Check out this 1kw, 24kWHr per day stirling generator with 35% thermal efficiency. But that is with a 2000C/4000F flame.
https://arpa-e.energy.gov/?q=slick-sheet-project/free-piston-stirling-engine-based-1kw-generator
https://sunpowerinc.com/1kw-stirling-engine/

it would be interesting to know how that project is going. That one and was it whispergen? Made a lot of headline 3 or 4 years ago. So we are talking apples and apples the 35 percent number is supposed to be the amount of energy converted to electricity? Or the electricity plus recovered heat added together? I ask because you see the 80 percent claim sometimes and that is what they do and it kind of fudges the numbers. Complexity rears its head there again since those high temps would mean exotic materials, aerospace level machining, high cost etc. Those high temp stirlings were what I had in mind when I talked about cheap solar knocking a lot of wind out of the sails of competing technologies.
Fascinating conversation. I'd love to know what the engineers can come up with. There was some videos of a large displacement low temp differential Stirling posted by a Japanese university... no link handy.
 
pollinator
Posts: 574
Location: Southern Arizona. Zone 8b
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A large thermal store could be useful during the winter, but not so useful the rest of the year.  Batteries are useful all year round.

Plus a large, well insulated, holding tank is not going to be cheap.  Batteries might actually be cheaper.

Something else to think about, as your thermal store starts cooling off, it becomes more and more difficult to extract energy from it.  With Lithium type batteries the energy output is pretty flat until close to the end.

Adding a heat-pump to the battery system can further improve its advantages.  With the right pump you can get heating AND cooling, either way they tend to have a COP of 3-4, which means you get 3-4 kwh of heat/cooling for every 1kwh of electricity.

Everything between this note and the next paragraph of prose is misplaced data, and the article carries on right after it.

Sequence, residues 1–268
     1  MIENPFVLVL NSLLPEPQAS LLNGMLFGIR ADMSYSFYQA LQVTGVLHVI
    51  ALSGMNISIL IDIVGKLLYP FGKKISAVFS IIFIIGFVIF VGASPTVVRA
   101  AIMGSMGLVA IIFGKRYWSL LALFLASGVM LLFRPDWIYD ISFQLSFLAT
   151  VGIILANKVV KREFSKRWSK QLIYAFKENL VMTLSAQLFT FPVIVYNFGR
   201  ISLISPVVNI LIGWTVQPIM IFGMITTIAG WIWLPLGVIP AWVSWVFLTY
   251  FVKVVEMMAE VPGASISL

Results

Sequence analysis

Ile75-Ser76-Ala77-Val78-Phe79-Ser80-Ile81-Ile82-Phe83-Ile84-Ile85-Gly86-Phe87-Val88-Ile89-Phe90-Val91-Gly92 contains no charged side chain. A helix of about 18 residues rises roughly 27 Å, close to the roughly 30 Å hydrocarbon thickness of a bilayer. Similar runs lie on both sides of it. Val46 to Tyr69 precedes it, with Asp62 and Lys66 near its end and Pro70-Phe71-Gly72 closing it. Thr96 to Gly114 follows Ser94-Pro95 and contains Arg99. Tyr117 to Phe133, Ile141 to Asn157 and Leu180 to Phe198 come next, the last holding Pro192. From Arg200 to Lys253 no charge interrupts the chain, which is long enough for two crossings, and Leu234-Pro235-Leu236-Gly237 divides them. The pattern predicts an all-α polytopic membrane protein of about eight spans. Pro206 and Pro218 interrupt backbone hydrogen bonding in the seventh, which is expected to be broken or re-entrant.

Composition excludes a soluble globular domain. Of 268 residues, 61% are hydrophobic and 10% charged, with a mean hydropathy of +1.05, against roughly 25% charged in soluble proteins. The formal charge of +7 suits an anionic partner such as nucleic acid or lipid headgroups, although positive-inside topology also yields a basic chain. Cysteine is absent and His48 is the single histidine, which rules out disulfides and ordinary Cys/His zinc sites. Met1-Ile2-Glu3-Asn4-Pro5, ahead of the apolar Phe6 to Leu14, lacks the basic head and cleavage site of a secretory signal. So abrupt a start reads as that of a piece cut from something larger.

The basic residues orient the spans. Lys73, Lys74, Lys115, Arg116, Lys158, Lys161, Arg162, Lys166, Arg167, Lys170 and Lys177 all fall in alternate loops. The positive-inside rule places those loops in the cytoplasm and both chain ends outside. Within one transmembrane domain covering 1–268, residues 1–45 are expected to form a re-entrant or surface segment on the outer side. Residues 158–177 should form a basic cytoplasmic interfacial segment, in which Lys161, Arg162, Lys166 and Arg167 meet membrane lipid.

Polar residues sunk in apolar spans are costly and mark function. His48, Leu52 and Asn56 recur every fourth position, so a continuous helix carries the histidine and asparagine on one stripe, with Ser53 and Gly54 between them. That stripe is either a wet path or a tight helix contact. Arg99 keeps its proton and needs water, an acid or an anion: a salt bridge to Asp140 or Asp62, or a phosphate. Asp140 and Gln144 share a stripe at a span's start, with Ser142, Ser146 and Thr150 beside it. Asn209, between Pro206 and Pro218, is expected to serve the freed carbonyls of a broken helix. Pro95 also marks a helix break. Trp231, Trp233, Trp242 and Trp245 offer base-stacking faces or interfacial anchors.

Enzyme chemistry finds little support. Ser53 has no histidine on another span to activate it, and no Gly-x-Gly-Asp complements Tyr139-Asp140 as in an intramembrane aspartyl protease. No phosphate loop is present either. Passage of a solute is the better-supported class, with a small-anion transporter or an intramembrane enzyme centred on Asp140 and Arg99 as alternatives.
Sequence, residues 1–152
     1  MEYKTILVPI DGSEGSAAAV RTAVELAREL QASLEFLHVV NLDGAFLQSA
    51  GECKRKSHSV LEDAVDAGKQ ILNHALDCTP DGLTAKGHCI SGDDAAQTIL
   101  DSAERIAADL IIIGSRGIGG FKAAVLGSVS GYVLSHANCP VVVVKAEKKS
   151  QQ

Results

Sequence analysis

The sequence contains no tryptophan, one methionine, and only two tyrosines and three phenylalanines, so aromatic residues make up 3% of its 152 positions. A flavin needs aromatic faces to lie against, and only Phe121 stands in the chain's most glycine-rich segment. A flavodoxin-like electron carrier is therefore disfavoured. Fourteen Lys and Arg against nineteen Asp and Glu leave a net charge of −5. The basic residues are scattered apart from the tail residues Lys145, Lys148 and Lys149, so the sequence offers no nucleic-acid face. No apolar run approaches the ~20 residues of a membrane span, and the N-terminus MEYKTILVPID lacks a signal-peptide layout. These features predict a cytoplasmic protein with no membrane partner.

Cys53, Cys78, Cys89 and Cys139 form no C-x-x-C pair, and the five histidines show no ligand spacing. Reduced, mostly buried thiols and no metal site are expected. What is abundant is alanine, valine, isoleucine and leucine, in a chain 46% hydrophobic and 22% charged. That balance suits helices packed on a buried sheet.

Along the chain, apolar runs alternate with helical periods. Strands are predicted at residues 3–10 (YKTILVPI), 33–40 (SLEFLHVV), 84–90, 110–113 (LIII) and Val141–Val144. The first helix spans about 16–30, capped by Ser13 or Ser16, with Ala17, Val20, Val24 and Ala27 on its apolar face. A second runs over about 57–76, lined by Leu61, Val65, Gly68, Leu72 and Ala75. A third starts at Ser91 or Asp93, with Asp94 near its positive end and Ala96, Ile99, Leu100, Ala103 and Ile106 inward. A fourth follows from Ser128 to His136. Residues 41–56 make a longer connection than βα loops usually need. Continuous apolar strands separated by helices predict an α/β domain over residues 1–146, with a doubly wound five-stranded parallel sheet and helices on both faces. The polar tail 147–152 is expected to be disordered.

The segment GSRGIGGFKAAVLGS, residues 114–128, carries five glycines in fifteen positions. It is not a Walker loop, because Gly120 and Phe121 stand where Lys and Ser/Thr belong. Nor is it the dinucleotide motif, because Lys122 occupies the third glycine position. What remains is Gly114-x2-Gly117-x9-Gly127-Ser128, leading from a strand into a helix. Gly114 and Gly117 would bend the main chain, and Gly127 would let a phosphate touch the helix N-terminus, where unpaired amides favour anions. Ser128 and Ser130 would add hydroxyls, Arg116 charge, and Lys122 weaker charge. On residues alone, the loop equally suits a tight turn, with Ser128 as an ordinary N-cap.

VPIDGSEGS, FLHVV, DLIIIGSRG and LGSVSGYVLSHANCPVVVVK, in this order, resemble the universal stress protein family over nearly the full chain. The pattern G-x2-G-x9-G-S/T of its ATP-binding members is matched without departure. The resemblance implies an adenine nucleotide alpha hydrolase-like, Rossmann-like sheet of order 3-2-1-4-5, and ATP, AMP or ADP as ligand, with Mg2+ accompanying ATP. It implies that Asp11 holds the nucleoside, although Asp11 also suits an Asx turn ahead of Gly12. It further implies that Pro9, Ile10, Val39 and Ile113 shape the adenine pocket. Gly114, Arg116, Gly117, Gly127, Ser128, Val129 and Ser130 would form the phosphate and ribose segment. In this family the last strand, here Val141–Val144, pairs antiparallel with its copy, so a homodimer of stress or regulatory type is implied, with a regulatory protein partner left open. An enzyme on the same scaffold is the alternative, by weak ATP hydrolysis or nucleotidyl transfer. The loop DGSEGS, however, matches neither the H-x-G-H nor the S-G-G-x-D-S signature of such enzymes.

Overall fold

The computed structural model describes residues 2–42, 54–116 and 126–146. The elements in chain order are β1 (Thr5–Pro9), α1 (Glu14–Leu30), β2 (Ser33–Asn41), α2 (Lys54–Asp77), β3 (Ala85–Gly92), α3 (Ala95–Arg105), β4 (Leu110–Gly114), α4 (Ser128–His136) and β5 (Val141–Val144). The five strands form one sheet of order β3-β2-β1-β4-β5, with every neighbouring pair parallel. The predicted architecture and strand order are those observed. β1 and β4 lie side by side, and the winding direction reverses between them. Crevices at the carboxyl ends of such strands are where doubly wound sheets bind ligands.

FWIW I did a lot of research into thermal storage systems, including phase change systems that fix some of the issues with using something like water.  After crunching all the numbers I decided it was much cheaper just to use a mini-split heat pump and electricity.  With a well insulated house you can get by with a surprisingly small heat-pump.  I use a 12,000 btu unit to heat/cool my 1500 sq ft house.
 
S Bengi
Posts: 1784
Location: Massachusetts, Zone:6/7, AHS:4, Rainfall:48in even distribution
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forest garden solar
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If anyone can pull off that 1kw stirling gen jt is those guys.
The $3.5 grant is up November of this year so, hopefully some more news soon. That said they are apart of the space industry so, I don't see the device being cheap, at lease not anytime soon.
 
pollinator
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I think Peter hit the solution squarely on the head with a pretty good sized Eswing. Rather then devise complex and elaborate measures that seldom come to fruition, why not just work on conservation measures? Building a home is a lofty endeavor and there are ample things to do properly that cannot be done after certain phases of the build are done.

I have always told people to focus on conservation because it is a one for one deal. That is, stop spending money on energy, and it is a dollar that is kept in your pocket. When you build things, there is life expectancy and cost, so the return is never as good as conservation.